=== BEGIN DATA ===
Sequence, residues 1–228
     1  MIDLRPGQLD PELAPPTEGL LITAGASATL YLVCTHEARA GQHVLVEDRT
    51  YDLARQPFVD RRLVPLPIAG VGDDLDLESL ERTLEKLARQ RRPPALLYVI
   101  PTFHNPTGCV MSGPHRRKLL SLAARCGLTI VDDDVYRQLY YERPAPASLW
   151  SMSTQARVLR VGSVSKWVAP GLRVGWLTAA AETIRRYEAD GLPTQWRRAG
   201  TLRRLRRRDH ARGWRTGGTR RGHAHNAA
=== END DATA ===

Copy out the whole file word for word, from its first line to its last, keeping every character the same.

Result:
Sequence, residues 1–228
     1  MIDLRPGQLD PELAPPTEGL LITAGASATL YLVCTHEARA GQHVLVEDRT
    51  YDLARQPFVD RRLVPLPIAG VGDDLDLESL ERTLEKLARQ RRPPALLYVI
   101  PTFHNPTGCV MSGPHRRKLL SLAARCGLTI VDDDVYRQLY YERPAPASLW
   151  SMSTQARVLR VGSVSKWVAP GLRVGWLTAA AETIRRYEAD GLPTQWRRAG
   201  TLRRLRRRDH ARGWRTGGTR RGHAHNAA